Now let's work through a sample calculation to see how this works. (Then, forever after, let your astrology program do tha calculation for you!) We'll use a chart cast to answer the question, "Should we pursue living in Humboldt County?" My wife and I asked this question. We have been working at finding the right jobs in a more rural area than we presently live in (Los Angeles!), hoping to buy some acreage, raise some animals, grow some food, on a small, personal scale. We visited Northern California over the summer, and loved Humboldt County. An employer in the area was interested in hiring my wife, but we learned from a realtor that real estate prices had jumped considerably higher during the last few months, and that we would get far less bang for the buck than we'd hoped. I only looked at the POF (11°Gem)when I first read the chart, but had the chart been more ambiguous than it was, I might also have looked at...oh, I don't know, let's say the Part of Travels. We'll calculate the Part of Travels using the formula: Part of Travels = Asc + (Cusp 9 - Ruler of 9)

I found this formula not ten minutes ago at this web page. I was looking for a "Part of Moving," couldn't find one, and so am using this one. Asc = 19Tau13 = 49°13' 9 Cusp = 11Cap05 (using Koch) = 281°05' 9 Ruler (Saturn) = 12Gem48 = 72°48' If we plug these numbers into our formula, we have: Part of Trafvels = 49°13' + (281°05' - 72°48') = 49°13' + (280°65' - 72°48') I subtracted a minute from the 9 cusp degrees and added it to the minutes so that I could subtract the minutes column, thus: 280°65' -72°48' =208°17 So now we have Part of Travels = 49°13' + 208°17' = 257°30' = 17Sag 30 Let's try deriving our own part, using the same strategy. Instead of the 9th house of Travel, we'll use the 7th house, which represent (via derivative houses) theplace-removed-to. So our formula might be Part of The-Place-Removed-Too = Asc + (Cusp 7 - Ruler 7). (You're probably beginning to get an idea of how tempting it can be to get ridiculous with these Arabic parts! Especially in a chart that is as clear as this one.) POTPRT = 49°13' + ( 229°37' - 314°12') [I'm using Mars as the primary ruler of Scorpio, which I consistently do]. Since I want the absolute distance between the Cusp of the 7 and Mars (moving clockwise to measure that distance, but, remember, counterclockwise project from the Ascendant), I'll simply add 360° to the longitude of the 7th Cusp, and subtract from that the longitude of Mars. POTPRT = 49°13' + 275°25 = 324°38' = 24Pis38. Okay, finally, let's look at the chart. With the Sun and the Moon, the 7th of places-removed-to, the chart is radical (by my standards) and fit to be judged. First of all, that the 7th house cusp is exactly conjunct Serpentis bodes ill. Very ill. Serpentis, as you'll remember from the previous lesson, is the "cursed degree of the accursed sign." Hardly what you want when you're asking about a major move and lifestyle change. We're ruled by the Moon, and Ascendant ruler Venus. Mars, Pluto, Moon, and Sun are significators of the 7th. The Moon has recently separated from a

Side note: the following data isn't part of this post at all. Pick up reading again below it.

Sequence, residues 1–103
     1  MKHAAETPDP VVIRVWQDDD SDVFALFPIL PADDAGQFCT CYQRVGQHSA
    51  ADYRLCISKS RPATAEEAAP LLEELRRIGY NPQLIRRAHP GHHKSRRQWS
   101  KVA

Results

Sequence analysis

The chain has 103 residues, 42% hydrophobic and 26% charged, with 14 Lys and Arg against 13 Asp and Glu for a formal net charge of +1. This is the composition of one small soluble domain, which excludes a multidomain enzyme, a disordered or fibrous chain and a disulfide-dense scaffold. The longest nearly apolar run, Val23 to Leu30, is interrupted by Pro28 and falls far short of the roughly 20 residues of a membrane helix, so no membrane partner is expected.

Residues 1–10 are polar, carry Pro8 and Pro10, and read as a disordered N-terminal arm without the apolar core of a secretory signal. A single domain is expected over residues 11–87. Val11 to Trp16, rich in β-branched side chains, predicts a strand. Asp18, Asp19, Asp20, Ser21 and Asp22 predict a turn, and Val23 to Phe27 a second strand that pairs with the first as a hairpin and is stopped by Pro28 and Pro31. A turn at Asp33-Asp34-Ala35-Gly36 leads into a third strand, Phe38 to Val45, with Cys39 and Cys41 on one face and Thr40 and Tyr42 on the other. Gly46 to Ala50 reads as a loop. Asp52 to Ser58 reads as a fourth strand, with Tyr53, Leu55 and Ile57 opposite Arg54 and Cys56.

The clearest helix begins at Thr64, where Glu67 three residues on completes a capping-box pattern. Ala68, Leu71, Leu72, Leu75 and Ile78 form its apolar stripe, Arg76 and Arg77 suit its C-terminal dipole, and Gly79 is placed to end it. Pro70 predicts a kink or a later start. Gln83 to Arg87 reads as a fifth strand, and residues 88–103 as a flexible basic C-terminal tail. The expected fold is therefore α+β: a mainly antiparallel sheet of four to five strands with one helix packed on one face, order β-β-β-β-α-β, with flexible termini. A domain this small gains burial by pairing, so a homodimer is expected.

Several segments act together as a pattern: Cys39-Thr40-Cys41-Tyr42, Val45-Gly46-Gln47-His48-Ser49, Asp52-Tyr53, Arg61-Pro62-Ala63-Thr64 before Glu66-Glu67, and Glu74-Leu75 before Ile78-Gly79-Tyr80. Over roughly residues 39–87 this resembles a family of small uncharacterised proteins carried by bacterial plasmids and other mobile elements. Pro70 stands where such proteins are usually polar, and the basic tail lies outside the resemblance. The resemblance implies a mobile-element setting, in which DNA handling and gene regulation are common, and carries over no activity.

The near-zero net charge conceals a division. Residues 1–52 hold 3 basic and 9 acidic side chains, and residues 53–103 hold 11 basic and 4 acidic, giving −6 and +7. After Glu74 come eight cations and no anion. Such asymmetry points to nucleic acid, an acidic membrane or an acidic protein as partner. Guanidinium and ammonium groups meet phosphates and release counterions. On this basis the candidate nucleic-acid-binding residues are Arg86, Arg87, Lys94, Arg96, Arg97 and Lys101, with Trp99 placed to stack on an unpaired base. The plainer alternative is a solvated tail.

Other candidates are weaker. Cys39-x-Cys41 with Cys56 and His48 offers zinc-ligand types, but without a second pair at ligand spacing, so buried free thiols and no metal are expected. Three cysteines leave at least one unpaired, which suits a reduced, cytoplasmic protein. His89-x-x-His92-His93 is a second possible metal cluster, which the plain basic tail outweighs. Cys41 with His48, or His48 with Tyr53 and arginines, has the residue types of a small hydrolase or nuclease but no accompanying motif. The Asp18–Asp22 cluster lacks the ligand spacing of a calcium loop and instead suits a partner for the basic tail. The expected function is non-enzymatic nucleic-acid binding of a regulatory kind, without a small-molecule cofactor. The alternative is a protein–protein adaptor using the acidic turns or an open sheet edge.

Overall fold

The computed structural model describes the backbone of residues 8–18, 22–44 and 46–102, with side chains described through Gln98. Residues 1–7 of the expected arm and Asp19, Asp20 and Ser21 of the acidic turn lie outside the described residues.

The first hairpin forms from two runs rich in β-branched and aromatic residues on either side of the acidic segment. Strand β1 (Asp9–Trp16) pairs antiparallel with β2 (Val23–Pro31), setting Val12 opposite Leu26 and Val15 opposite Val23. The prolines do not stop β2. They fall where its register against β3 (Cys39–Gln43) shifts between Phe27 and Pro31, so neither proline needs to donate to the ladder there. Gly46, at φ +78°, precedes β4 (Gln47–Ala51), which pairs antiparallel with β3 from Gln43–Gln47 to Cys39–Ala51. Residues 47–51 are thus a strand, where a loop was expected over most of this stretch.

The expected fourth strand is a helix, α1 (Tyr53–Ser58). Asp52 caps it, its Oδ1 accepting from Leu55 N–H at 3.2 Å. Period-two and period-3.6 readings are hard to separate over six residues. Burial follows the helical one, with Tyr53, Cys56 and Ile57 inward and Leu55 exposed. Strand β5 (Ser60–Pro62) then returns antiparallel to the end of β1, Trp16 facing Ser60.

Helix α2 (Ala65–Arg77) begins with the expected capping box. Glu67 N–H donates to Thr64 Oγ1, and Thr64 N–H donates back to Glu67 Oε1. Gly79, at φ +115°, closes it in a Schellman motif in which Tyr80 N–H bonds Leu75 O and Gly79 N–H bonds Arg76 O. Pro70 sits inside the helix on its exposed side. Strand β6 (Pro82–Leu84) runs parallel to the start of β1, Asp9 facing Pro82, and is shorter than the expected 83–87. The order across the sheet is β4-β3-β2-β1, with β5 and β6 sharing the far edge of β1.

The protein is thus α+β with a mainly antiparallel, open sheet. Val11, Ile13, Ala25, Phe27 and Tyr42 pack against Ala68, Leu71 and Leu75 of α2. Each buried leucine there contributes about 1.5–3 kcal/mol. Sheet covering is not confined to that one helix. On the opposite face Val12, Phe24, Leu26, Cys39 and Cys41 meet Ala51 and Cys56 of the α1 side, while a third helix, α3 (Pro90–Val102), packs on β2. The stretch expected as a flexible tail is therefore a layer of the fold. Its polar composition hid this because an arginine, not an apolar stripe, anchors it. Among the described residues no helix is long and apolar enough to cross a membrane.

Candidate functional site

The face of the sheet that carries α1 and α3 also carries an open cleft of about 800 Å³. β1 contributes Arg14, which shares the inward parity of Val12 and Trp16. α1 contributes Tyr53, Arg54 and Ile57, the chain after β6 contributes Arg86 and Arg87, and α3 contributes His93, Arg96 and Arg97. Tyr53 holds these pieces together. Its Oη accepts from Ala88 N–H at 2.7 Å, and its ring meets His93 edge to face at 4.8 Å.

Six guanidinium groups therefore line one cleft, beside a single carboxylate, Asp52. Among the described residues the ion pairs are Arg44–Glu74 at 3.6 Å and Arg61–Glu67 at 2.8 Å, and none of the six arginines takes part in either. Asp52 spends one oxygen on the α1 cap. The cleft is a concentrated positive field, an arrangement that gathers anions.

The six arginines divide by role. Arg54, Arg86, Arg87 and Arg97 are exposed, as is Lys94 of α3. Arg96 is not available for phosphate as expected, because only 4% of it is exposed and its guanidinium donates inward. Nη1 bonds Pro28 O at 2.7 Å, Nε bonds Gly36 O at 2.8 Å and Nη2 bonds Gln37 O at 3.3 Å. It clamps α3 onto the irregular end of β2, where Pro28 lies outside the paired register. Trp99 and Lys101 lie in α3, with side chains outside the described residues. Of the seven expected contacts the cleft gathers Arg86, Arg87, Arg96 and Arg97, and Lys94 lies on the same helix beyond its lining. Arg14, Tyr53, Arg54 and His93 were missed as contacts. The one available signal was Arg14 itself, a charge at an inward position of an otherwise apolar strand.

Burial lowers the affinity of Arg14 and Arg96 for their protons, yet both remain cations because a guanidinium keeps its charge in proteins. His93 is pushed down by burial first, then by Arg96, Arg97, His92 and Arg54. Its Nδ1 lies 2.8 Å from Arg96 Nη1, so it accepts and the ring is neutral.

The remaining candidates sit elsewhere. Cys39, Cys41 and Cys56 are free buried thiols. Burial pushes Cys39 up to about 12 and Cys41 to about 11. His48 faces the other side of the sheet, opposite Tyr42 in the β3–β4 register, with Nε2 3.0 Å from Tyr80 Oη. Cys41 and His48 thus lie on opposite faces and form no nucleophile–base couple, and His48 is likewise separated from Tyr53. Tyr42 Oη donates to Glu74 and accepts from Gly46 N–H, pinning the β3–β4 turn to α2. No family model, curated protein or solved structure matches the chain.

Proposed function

conjunction with Pluto, suggesting that any hope of a our moving to Humboldt county is a thing of the past. Venus, ruling us, is going to square Mars. Both Venus and Mars are peregrine. Their mutual reception by Ruler and Term isn't strong enough to offer much comfort. To me, this is a pretty clear indication that pursuing the right land/job combo in Humboldt county would not, at this time, be productive. The Part of Places Removed To trines the Sun in the 7th...a hopeful indication. Furthermore, Venus is about to trine Jupiter (dispositor of the POPRT), another good sign. The POPRT is in the 11th house of Hopes. A third good sign. The Part of Travels is in the 7th, but conjunct the 8th house cusp. It's ruler, Jupiter, is weakend by retrogradation (but still fairly well dignified). Saturn retrograde in the 1st, hugging the Part of Fortune, suggests delays and disappointments. On balance, and despite my contrary hopes, the chart suggests eventual success in our endeavor, but not in the area inquired about. I simply do not find enough strong indicators to overrule the chart's main indications: 1. 2. 3. 4.

Square between Mars and Venus 7th Cusp at Serpentis Venus (ruling us) very weak (-12 using Lilly's point system) Angles in fixed signs, suggesting the hoped-for scenario will not offer much flexibility

The following table lists the Arabic Parts calculated by Astrowin. A web search will turn up others. When entries are purple, reverse the last two terms in night charts. ABANDONMENT = Asc + Neptune - Pluto ADDICTION 1 = Asc + Neptune - Pluto ADDICTION 2 = Asc + Pluto Neptune ANXIETY = Asc + Pluto Uranus ASSASSINATION 1 = Mars + Neptune - Uranus

LEGAL AFFAIRS = House 3 + House 9 - Venus LOVE = Asc + Venus - Sun LOVERS = Mars + Venus House 5 LUCK 1 = Asc + Moon Jupiter LUCK 2 = Asc + Jupiter Uranus